A Mexican torta is served on a hard-crust bollilo roll, and garnished with lettuce, tomato, guacamole, mayonnaise and salsa. This is a torta milanesa at Tacos Por Favor in Santa Monica. Milanesa is a thin, pounded beef steak, deep fried. The torta is versatile, other popular fillings include chicken, carnitas, ham, roast pork, scrambled eggs. A torta ahogada (or "drowned") is dunked in red chile sauce - messy but delicious.

This is the lamb and feta sandwich served at Papa Christos Greek restaurant and grocery, in LA's Byzantine-Latino Quarter.

LA has some other great lamb-based sandwiches, including the French-dip lamb sandwich at Philippes the Original. Get it with bleu cheese and a glass of good red wine - order some pickled beets on the side. Philippe's claims to have invented the French dip sandwich, although that claim is disputed by Coles, just a few blocks to the south. Which one do you believe? Start your research and go try them both.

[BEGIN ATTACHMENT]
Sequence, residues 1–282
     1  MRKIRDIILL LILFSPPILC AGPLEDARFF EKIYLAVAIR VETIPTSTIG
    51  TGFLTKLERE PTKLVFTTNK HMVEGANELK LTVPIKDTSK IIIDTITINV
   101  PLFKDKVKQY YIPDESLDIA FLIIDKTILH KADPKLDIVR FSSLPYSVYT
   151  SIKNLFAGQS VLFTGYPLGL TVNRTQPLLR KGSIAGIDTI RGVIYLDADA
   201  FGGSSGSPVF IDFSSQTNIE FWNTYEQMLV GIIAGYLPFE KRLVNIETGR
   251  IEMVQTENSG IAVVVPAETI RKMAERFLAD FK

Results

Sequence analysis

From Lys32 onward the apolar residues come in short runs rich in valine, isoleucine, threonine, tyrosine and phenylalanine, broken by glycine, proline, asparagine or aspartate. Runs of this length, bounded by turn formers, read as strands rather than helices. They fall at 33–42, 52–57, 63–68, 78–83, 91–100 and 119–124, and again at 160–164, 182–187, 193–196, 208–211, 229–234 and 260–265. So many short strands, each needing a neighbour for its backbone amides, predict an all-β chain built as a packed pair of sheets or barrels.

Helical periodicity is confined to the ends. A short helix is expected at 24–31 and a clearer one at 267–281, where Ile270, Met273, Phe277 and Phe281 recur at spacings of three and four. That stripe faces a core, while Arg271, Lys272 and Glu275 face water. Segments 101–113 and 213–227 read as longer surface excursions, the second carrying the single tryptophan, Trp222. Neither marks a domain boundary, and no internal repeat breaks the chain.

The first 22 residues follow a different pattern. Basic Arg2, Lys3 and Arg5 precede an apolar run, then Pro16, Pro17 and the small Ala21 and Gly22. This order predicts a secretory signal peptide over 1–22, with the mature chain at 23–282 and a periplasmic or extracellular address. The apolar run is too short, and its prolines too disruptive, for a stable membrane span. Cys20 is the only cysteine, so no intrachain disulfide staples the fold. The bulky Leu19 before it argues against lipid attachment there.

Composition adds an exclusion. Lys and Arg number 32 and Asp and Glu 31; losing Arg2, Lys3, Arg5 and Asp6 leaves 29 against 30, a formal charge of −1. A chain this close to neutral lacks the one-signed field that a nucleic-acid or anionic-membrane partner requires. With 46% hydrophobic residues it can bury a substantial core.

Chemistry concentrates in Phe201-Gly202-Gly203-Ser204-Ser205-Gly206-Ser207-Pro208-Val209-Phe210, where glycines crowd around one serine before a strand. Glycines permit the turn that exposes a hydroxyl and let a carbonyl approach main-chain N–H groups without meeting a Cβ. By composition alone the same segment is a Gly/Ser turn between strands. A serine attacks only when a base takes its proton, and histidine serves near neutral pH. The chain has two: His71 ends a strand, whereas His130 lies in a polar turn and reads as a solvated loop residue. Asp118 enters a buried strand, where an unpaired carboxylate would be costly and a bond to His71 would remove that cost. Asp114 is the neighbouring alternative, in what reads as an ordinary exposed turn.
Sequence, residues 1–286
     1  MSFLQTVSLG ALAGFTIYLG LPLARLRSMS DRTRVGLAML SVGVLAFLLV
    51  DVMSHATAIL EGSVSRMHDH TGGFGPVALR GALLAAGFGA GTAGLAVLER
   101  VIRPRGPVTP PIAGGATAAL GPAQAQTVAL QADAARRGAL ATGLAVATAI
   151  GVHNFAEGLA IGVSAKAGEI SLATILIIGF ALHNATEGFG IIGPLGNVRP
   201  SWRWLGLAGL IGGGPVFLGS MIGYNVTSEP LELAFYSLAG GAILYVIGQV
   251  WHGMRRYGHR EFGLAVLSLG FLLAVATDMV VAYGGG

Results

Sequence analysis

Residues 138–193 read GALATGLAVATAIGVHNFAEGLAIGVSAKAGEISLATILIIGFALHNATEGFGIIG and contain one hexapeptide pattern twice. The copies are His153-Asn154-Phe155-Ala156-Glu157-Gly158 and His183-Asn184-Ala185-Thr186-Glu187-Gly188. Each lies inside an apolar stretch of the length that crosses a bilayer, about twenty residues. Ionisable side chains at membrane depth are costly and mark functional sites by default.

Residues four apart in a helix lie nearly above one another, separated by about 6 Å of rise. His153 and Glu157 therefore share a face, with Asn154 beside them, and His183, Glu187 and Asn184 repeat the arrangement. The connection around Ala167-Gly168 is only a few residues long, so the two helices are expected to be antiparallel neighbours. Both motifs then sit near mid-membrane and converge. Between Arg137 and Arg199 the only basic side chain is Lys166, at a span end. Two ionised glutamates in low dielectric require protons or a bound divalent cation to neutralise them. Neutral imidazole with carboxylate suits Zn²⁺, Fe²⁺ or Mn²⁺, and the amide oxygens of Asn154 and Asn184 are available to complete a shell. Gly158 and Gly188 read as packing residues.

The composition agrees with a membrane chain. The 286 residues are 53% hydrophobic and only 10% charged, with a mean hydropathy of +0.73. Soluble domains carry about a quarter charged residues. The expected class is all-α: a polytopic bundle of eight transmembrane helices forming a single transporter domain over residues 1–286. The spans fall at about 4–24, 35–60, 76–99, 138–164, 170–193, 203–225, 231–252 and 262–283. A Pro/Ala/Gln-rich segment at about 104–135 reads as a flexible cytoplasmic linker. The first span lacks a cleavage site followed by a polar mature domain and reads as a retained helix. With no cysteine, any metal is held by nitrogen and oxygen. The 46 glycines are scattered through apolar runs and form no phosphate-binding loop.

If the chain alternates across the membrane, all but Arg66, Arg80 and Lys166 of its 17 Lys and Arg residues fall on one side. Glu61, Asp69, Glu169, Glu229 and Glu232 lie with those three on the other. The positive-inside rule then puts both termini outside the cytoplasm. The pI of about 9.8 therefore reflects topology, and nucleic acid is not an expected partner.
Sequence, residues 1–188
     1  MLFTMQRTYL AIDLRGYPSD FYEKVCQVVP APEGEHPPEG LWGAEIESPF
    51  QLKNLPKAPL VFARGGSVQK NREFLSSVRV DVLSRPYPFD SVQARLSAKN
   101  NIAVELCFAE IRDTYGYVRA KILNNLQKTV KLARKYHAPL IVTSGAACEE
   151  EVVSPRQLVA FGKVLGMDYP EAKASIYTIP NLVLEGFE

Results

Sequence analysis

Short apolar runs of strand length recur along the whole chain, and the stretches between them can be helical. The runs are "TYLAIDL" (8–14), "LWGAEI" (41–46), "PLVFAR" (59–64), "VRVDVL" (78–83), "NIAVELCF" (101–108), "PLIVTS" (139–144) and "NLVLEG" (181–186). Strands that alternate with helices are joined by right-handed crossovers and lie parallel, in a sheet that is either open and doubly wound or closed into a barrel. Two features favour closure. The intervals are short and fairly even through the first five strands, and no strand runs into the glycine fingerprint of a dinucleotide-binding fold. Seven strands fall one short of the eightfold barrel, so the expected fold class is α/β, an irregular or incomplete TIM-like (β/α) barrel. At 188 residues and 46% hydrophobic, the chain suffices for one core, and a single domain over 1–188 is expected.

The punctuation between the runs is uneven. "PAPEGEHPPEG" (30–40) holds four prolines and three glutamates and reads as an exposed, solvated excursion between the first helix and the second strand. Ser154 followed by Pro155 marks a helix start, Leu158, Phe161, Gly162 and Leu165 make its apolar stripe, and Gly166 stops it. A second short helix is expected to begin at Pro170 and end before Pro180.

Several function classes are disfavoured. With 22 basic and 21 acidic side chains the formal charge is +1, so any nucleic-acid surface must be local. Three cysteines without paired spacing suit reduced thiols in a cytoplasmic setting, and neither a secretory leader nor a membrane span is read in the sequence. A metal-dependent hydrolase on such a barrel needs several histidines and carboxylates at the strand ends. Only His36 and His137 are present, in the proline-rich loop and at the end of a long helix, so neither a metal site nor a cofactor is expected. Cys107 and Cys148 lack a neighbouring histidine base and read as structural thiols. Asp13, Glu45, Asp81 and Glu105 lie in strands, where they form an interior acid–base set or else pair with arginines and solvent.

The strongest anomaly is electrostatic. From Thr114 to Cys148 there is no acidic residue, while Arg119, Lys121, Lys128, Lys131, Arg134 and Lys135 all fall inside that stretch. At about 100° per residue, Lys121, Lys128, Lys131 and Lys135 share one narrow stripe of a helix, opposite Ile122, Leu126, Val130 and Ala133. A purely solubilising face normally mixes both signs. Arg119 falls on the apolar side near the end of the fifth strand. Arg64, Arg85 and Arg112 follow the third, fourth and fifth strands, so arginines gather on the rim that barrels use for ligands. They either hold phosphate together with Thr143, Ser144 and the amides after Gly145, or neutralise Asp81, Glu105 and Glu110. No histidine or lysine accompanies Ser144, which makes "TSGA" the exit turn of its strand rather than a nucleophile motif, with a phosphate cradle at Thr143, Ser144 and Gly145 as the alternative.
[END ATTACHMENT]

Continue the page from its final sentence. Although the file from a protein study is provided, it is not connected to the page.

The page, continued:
The Persian sandwich shop Attari in Westwood serves baguette sandwiches filled with slices of cooked beef tongue, lettuce, tomato, and sour pickles. You can also get fillings of Persian-style chicken salad called "oliveh", fried brains, and Persian hot dogs. My favorite sandwich here is a kind of herbal omelet called "kuku," a bright green eggy sponge, dripping neon-green oil into the soft bread of the baguette. See a picture of it HERE.

Vietnamese immigrants brought the banh mi to America, France by way of Saigon. A vestige of the French colonization of Vietnam, crusty baguettes are filled with cold cuts like head cheese, pate, barbecued pork and ham, and garnished with pickled daikon, carrots and cucumbers. Spiced with cilantro and black pepper, the banh mi is a popular street food, both in Vietnam and wherever Vietnamese people settled. This one came from a catering truck called Nom-Nom that sometimes parks across the street from my office. I love the pickled daikon and carrots tucked inside, along with slices of jalapenos and cilantro sprigs. Vietnamese bakeries use rice flour in their baguettes, for a distinctive crunchy crust texture.